Relationships vary in their stories of “how we got together,” and yet it seems that we’re expecting some kind of instantaneous spark upon looking at our lover for the first time. Hollywood Rom-Coms have led us to believe that there needs to be some sort of immediate attraction and it's supposed to look and feel a certain way.
Hollywood has fed an idea about "The One," and so we feel disgruntled and unsatisfied if our relationship doesn't look like it does on TV. We forget that we only watch a snapshot of a relationship on the screen and that the trajectory of a longterm relationship in real life will inevitably look different.
Movies are only two hours long and designed to create drama and impact. It’s not as interesting to watch a slow build of respect and trust than to see someone trip and fall from a cliff after running from a twister, landing into the arms of their future husband and instantly falling in love. But to truly know someone, you need time and a willingness to see the person as they are, rather than who you want them to be.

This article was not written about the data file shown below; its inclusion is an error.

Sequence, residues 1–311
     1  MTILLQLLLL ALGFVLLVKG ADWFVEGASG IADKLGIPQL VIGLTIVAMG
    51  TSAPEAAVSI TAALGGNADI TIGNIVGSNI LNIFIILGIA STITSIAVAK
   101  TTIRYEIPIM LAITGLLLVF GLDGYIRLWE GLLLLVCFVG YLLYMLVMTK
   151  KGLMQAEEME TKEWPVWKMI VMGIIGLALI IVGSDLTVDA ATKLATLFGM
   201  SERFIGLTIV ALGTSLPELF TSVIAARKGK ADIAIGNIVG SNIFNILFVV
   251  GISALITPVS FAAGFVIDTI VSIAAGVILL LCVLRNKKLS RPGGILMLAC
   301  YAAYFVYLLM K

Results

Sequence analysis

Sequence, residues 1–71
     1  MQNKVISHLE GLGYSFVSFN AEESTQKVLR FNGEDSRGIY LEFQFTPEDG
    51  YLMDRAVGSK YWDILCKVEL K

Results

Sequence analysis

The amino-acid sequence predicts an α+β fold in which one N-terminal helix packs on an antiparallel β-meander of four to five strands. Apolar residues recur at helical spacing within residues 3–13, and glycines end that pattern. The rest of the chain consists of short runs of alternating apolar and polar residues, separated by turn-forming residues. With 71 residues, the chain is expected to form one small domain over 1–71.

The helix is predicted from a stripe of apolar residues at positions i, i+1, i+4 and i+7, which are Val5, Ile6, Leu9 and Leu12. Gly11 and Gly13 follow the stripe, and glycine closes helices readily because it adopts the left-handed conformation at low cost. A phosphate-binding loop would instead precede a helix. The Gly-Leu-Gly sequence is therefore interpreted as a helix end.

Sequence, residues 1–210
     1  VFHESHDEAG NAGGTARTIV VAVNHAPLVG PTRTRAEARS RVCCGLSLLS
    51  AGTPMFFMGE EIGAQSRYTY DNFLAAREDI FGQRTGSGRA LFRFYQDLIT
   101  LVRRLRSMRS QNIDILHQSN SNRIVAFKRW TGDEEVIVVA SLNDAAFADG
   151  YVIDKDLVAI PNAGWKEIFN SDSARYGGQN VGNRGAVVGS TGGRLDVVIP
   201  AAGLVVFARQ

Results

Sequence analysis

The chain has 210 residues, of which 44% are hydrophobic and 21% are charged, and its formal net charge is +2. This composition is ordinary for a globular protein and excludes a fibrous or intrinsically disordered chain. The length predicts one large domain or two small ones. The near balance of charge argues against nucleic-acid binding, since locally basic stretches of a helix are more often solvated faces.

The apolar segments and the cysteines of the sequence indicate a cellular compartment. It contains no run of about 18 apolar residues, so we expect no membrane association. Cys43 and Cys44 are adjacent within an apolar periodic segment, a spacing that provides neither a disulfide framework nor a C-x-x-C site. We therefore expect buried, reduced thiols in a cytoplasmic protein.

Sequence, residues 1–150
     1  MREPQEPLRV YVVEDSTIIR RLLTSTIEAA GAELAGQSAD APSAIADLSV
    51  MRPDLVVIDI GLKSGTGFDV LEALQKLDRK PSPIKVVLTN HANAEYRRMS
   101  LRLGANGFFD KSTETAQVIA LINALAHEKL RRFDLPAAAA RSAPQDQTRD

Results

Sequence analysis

To fall in love is fun, but to sustain love is hard work. The investment into a relationship through time and energy creates a bond between two individuals on an emotional level and the commitment of a relationship creates a psychological bond, which are needed to endure the ups and downs of the roller coaster of life.
No one can argue that dating has evolved over the past 50 years. Women are fighting more for their rights and expecting different things from their relationships and their lives. Additionally, technology has expanded the dating pool to a global level, which has increased potential matches, but also created other problems.
Mass Dating and The Paradox of Choice
Mass dating has proliferated in our societies due to technology and dating apps which allow us to sift through hundreds of people a day. We have become trained to the idea that there are endless options and if there are any problems in a relationship, we can find someone better.
This thought creates a lack of resiliency towards enduring the struggles of a relationship. In our instant gratification society, we are too eager to bypass the hard work in order to find pleasure and bliss as quickly as possible. We’ve lost touch with commitment and how it can help shape a relationship and a person.